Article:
Will B'lureans go out and vote?

Will B'lureans go out and vote?

 Bengalureans have usually remained apathetic to or kept themselves aloof from the elections. And it would not be surprising if the trend continues in the coming Bruhat Bengaluru Mahanagara Palike polls.

This despite the improvement in the voter enrolment over the years. In 2010, though 69.77 lakh voters got themselves enrolled in Bengaluru, only 30.72 lakh voters (44.04 per cent) came out and voted. In 2015, the voter enrolment has gone up by around two lakh. As many as 71.80 lakh people have enrolled themselves in the voters’ list as on July 15.

The behaviour of the urban voter has changed little over the years, said K N Ramesh, joint chief electoral officer. The urban voter gets involved in the voter enrolment process mainly to gain other benefits, he added. The voter identity card serves as an authentic proof to get a passport, etc. “Usually, the civic polls serve as a holiday to the urban voter. The voting is, however, slightly better during the assembly and parliamentary elections,” he added.

During the 2013 assembly elections, BBMP Central (Shivajinagar, Rajarajeshwarinagar, Shanthinagar, Gandhinagar, Rajajinagar, Chamarajpet and Chickpet) recorded 57.62 per cent polling; BBMP North (KR Puram, Mahalakshmi Layout, Malleswaram, Hebbal, Pulakeshinagar, Sarvajnanagar and C V Raman Nagar) recorded 56.5 per cent; and BBMP South (Govindaraj Nagar, Vijaynagar, Basavanagudi, Padmanabhanagar, BTM Layout, Jayanagar, Bommanahalli) 55.03 per cent.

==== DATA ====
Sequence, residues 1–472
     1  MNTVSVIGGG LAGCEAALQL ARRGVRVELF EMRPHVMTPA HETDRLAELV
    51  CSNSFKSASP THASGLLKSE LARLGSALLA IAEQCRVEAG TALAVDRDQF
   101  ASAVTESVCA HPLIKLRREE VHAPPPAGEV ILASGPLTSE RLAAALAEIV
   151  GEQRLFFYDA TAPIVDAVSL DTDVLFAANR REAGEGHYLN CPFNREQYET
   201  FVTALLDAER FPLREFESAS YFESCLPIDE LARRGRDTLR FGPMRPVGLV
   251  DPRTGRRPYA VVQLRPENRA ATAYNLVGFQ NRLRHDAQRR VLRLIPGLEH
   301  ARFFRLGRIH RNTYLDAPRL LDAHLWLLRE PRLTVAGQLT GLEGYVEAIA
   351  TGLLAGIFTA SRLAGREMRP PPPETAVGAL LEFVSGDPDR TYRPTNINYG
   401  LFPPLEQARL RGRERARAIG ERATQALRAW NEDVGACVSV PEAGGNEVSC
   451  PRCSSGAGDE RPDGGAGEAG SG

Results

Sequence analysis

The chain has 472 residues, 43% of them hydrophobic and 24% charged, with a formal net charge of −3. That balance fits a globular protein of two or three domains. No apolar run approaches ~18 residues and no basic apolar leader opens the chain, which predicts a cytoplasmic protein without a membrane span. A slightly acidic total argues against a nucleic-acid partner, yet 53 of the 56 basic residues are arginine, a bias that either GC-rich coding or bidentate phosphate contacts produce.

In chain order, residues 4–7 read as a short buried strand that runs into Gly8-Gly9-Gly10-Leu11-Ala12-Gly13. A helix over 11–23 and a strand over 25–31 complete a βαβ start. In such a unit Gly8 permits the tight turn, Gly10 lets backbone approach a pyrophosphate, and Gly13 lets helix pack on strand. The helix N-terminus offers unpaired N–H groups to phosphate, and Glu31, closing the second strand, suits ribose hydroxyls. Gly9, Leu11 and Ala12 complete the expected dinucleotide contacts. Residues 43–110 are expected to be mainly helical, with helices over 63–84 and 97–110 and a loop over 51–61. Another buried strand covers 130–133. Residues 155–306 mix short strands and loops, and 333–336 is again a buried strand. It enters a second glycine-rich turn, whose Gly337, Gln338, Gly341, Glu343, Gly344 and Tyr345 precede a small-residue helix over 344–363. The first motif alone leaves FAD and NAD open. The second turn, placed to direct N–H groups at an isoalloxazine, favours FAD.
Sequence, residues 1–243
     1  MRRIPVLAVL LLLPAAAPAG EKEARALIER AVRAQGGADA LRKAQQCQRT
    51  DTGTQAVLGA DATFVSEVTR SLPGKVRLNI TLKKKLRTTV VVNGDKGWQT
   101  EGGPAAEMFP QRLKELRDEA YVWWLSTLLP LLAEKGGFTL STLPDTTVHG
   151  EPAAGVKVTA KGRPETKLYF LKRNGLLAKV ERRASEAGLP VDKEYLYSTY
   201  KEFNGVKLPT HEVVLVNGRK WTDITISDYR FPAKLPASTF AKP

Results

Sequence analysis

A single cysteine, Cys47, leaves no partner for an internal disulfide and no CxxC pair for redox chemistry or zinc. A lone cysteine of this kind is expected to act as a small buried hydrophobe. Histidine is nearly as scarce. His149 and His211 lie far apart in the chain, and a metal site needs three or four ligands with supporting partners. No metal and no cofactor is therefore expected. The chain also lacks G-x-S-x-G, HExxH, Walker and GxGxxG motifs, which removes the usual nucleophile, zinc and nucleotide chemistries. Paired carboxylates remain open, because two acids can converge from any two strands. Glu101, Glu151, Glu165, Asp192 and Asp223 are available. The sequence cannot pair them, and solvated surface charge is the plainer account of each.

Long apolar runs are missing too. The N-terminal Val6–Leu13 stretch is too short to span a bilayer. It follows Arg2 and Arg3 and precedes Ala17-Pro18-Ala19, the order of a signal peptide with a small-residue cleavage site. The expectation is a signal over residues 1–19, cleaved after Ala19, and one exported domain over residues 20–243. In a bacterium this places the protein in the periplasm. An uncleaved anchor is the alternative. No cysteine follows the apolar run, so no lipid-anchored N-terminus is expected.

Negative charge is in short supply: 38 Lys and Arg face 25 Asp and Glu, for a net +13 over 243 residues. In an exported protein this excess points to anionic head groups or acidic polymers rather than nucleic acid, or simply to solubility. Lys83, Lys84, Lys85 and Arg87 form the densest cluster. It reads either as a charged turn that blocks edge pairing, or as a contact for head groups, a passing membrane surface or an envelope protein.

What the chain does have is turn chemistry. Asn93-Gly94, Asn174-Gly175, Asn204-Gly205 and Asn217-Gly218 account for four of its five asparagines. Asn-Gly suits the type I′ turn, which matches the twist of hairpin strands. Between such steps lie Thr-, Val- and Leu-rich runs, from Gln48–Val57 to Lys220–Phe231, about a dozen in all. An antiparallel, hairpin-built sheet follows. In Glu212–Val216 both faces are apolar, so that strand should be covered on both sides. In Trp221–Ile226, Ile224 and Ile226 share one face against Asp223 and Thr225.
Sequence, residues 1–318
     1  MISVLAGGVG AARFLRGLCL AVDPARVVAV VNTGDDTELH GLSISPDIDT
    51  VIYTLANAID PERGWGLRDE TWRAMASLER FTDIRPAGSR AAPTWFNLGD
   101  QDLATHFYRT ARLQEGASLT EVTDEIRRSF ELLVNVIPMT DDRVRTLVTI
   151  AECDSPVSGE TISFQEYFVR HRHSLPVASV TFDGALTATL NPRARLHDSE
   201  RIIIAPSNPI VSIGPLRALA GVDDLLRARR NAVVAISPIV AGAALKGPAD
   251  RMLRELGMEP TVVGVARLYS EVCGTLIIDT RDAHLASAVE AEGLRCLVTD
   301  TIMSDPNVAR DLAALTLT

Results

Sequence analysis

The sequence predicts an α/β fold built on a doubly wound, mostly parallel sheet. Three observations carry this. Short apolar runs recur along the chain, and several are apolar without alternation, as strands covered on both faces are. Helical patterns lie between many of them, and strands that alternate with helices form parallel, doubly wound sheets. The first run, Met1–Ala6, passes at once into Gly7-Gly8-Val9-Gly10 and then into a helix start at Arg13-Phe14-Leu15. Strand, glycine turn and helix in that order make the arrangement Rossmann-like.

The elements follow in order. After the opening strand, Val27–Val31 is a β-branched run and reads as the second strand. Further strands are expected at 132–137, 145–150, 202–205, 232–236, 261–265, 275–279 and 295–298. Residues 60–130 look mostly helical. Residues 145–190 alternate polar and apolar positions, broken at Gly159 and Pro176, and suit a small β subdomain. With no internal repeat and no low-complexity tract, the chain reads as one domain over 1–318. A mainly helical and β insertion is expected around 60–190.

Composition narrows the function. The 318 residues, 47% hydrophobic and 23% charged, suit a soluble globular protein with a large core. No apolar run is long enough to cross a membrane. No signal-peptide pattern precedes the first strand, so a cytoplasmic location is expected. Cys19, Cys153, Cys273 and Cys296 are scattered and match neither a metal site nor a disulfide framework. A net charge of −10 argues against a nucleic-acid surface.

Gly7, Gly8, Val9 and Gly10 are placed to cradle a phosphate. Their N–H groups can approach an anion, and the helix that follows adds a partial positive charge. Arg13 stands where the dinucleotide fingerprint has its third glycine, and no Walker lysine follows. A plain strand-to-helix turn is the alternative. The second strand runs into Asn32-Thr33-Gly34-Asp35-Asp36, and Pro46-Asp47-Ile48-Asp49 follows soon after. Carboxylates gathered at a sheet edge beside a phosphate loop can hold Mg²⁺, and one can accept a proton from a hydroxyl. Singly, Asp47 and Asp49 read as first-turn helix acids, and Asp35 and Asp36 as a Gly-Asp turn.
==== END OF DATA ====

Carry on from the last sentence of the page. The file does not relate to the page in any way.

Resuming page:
Sociologist Prof G K Karanth of Jain University said an urban voter “adores an election, because he/she can take a break from the routine”. “This, however, is a worldwide phenomenon, especially when it comes to civic elections, when the informed urban dweller distances himself from the electoral process,” he said.

He said the urban voter is so well informed that he/she is averse to the very process. This is also because of the “nothing can ever change” state of mind, he added.

“Neither political action nor civic action of mobilising groups to create awareness can change this trend. The debates are extended to the breakfast table, where the informed city dweller is seen talking, nagging and criticising the state of affairs. But they rarely take trouble to go out and cast their votes,” he said.

Also, the political class, with its “hired crowd”, fails to connect to the urban voter. This leads to a “class clash” during electioneering, which ultimately works in favour of the politicians.

He said there was over a four-decade gap between the JP (Jayaprakash Narayan) movement and the Anna Hazare movement, when the urban voter got seemingly enthused. “However, the turn of events of the Anna Hazare movement left the urban voter frustrated. As a result, the spirit of collective action took one step back,” he added.

Former BBMP commissioner S Subramanya, too, felt that the upwardly mobile does not consider the urban local body elections an issue. For the urban voters, who live in their “google world”, these elections becomes a non-event, he added. He also said that there was a clear divide between ‘Bharat’ and ‘India’ - Bharat representing the rustic candidate and India, the elite voter. The gap between the voter and the politician creates an opaqueness in the system, which is exploited by the ruling class.

“The elite class cannot identify itself with the candidate in fray either because of his rural/rustic or even criminal background. The urban voter does talk a lot, but voting is not his cup of tea,” he said.

Bengaluru vs rest of Karnataka


YEAR    STATE    B’luru Urban   
2008 Assembly    64.70%    49.87%
2009 Lok Sabha    58.80%    45.81%
2013 Assembly    71.29%    57.38%
2014 Lok Sabha    67.30%    55.80%
2010 BBMP        44.00%
Electoral roll as on July 15, 2015
Male: 37,68,498 (2015); 36,78,441 (2010)
Female: 34,10,388 (2015); 32,988567 (2010)
Others: 114 (2015); 2010 - NA
Total: 71,80,027 (2015); 69,77,008 (2010)
Voter turnout in 2010: 30,73,799

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